Trauma, Grief and Recovery

Report on Trauma Workshop
October 13, 2022
UCRMN offered a fall workshop on Trauma, Grief and Recovery, called Ministry in the Midst, and offered by Rev. Michele Rowe of Maple Creek, Sask. Michele is Certified as a Community and Workplace Traumatologist and happens to hold a Social Work degree as well as being a minister to a community of faith. As all of our church communities have suffered trauma from the COVID Pandemic and all it brought to us, it was a great relief for the 14 participants to talk together in this time, shaped by helpful information on trauma. We have experienced grief and loss and anger, dislocation, confusion and fear.
COVID broke apart our community as we knew it, and accelerated many losses the church is already experiencing. We named collective traumas our communities have or are presently experiencing, like, the cost of living, grief from deaths, especially loved family members or friends dying alone, the overwhelming of the medical system, and the backup of elective and emergency surgeries, children who spent a year or more on online schooling, the angers of community around masks and shots.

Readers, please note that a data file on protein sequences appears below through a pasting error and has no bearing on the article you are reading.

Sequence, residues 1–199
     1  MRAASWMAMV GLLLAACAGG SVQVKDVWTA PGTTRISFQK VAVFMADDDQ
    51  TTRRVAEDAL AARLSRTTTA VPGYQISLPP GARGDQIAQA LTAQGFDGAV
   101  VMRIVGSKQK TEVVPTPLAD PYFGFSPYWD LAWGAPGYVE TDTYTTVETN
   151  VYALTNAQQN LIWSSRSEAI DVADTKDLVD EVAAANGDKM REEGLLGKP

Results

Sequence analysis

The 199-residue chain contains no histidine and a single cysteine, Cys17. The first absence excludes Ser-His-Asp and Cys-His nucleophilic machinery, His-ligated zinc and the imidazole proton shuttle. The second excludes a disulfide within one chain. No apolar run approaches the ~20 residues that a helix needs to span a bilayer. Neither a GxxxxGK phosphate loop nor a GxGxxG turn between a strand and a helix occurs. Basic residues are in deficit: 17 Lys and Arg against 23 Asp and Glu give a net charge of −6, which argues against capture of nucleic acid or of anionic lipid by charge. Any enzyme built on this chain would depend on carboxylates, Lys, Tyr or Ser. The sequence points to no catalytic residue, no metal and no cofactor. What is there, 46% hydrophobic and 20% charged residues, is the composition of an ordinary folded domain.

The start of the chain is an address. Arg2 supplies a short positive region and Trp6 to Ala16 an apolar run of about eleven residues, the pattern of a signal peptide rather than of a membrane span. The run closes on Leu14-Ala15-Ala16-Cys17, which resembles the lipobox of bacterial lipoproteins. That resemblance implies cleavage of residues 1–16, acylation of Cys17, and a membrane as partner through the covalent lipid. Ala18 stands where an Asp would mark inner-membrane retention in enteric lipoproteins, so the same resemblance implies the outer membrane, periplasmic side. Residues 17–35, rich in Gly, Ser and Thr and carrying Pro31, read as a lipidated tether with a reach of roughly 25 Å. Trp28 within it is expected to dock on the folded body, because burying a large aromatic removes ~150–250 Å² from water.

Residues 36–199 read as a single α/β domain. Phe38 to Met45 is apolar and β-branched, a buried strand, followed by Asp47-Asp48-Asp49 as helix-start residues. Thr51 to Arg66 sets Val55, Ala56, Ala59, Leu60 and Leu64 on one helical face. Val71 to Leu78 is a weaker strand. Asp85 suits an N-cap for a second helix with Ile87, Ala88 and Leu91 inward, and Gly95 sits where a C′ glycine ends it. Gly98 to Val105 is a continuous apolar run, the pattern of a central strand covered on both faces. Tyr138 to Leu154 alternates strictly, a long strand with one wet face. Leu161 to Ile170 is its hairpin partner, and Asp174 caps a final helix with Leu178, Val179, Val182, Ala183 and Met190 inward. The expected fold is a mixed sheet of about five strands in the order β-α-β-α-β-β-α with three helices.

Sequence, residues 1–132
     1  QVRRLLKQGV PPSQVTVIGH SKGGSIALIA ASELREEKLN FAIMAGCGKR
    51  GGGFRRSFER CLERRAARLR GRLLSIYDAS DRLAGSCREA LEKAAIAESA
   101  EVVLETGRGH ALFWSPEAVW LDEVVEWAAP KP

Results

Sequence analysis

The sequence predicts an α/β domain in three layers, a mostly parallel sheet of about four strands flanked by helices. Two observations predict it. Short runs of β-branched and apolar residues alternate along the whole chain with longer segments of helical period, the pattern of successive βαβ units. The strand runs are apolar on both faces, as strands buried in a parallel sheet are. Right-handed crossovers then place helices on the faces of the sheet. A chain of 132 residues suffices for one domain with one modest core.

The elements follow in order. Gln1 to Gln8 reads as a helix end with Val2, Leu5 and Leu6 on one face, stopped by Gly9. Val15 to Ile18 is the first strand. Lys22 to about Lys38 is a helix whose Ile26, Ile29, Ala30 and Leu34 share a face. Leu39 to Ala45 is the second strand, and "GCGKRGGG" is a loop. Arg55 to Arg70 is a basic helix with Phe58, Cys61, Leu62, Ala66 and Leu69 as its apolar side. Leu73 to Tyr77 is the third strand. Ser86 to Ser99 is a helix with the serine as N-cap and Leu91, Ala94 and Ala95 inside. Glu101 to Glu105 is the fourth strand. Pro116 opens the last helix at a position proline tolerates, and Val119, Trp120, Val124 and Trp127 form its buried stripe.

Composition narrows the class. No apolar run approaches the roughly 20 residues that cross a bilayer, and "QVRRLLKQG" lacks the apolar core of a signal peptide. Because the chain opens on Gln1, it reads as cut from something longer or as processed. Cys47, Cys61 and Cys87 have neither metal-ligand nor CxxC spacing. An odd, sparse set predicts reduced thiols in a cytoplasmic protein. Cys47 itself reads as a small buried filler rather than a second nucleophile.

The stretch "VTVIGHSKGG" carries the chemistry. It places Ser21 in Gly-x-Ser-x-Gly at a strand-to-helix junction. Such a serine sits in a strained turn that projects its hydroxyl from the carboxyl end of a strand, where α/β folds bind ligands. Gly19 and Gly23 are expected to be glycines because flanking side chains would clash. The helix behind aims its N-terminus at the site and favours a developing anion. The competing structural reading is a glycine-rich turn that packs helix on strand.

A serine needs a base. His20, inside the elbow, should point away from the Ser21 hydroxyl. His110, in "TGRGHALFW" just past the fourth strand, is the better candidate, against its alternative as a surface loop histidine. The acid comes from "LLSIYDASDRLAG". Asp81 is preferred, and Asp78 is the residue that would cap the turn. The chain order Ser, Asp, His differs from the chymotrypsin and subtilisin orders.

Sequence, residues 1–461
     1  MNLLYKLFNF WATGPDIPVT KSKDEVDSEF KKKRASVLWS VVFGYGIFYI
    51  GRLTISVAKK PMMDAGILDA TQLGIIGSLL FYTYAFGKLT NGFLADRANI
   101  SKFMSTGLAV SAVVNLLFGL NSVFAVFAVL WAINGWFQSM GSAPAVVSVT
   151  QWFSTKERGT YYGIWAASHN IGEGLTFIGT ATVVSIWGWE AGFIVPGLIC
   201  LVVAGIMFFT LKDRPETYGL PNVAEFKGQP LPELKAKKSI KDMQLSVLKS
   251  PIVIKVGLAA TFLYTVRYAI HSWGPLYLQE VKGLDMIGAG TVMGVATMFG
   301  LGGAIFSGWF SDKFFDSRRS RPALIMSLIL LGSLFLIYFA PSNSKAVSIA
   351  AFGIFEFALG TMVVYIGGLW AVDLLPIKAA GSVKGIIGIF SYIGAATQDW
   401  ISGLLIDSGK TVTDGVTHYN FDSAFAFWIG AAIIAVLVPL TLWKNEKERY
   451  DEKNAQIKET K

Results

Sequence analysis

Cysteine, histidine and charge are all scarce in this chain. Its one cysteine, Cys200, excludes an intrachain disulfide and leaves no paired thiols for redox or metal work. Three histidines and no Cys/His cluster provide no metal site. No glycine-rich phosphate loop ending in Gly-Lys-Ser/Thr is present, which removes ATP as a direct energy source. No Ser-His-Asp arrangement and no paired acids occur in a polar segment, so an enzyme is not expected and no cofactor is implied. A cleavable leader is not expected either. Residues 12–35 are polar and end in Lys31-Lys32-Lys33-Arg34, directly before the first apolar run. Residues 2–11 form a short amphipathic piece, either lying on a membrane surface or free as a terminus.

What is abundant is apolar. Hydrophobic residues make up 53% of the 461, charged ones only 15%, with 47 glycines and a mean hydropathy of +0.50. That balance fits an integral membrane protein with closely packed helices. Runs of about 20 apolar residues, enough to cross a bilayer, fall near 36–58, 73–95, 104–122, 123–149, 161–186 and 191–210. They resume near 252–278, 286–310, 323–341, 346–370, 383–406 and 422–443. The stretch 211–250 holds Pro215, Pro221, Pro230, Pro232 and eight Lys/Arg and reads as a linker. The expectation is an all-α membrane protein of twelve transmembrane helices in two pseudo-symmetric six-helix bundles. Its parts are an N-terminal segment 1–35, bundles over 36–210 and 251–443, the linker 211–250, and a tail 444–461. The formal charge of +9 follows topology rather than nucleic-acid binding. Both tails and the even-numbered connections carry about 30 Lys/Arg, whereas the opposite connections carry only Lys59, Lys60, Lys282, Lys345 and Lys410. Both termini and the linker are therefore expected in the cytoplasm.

Michele invited us to consider developing rituals in our communities of faith which will lift up what we must let go, and what can be welcomed back. She reminded us that trauma continues to strike us, like Hurricane Fiona in Eastern Canada, or the deaths in James Smith Cree Nation of Saskatchewan.
(One of the really important bits of information Michele gave us is that Trauma is passed down through generations, which we know, but that people actually experience genetic change by trauma)
Michele expressed her appreciation that we organized a 2-hour time period for this workshop, which gave us time to lean into the heart issues of our times. 75% of the participants of the workshop came from Michele’s Regional Council of Living Skies, most who had previous discussion on COVID trauma.

Submitted by Catherine Christie and Michele Rowe.

Published by pcchynoweth

Walking through life with one foot in the world of technology and the other foot in theology. I worked in Information Technology with responsibility for maintaining a large mainframe computer system (remember them?) and then served in pastoral ministry with The United Church of Canada for twenty-eight years.

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